There was no such thing as being able to buy eye glasses online of course. You had to go to an optician in person, usually in a city. This wasn't easy for someone like Sarah Elizabeth, who lived a fair distance from Philadelphia. If she had been a wealthy urbanite, she might have chosen a fancy lorgnette or scissors glasses to peer through at the opera or parties. These were both types of glasses on a handle that were especially popular with women from the late 18th century on through the 19th. They were often gilded and had elaborate decorations. The lorgnette had a single handle; scissors glasses were V shaped. You can see pictures of them both below - aren't they beautiful?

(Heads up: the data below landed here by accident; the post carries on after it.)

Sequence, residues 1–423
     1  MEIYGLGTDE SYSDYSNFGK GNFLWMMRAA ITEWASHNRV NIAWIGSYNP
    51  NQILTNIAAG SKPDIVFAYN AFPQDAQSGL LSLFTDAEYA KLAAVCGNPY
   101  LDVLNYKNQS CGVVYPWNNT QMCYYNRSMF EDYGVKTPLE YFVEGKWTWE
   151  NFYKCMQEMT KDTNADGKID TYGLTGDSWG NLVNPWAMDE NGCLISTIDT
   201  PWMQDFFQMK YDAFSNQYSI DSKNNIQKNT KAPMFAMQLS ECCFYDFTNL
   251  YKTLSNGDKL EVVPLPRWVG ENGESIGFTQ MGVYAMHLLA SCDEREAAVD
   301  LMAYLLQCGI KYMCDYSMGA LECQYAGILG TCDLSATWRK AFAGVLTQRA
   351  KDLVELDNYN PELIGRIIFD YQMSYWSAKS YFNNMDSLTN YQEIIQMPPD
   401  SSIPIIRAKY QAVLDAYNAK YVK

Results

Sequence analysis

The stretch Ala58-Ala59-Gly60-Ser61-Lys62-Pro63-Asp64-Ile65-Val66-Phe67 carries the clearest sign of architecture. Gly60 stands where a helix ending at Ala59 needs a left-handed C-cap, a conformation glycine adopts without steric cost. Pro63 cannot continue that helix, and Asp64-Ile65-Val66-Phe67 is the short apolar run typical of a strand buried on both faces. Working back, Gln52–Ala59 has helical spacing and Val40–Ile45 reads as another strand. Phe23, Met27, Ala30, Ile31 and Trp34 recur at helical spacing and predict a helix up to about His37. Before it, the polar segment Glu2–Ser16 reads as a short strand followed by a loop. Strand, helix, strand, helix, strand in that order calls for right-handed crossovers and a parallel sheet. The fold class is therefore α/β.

Sarah Elizabeth's more utilitarian glasses were wire framed, and tinted to protect her eyes from glare. Sir Thomas Longmore writes in 1885 in The Optical Manual that blue or smoke-tinted glasses were best for this purpose. If tinted lenses were not enough protection, he wrote, you could buy "Eye Protectors"; these were also tinted, but were spoon-shaped to keep dust and grit out of one's eyes (rather like goggles).
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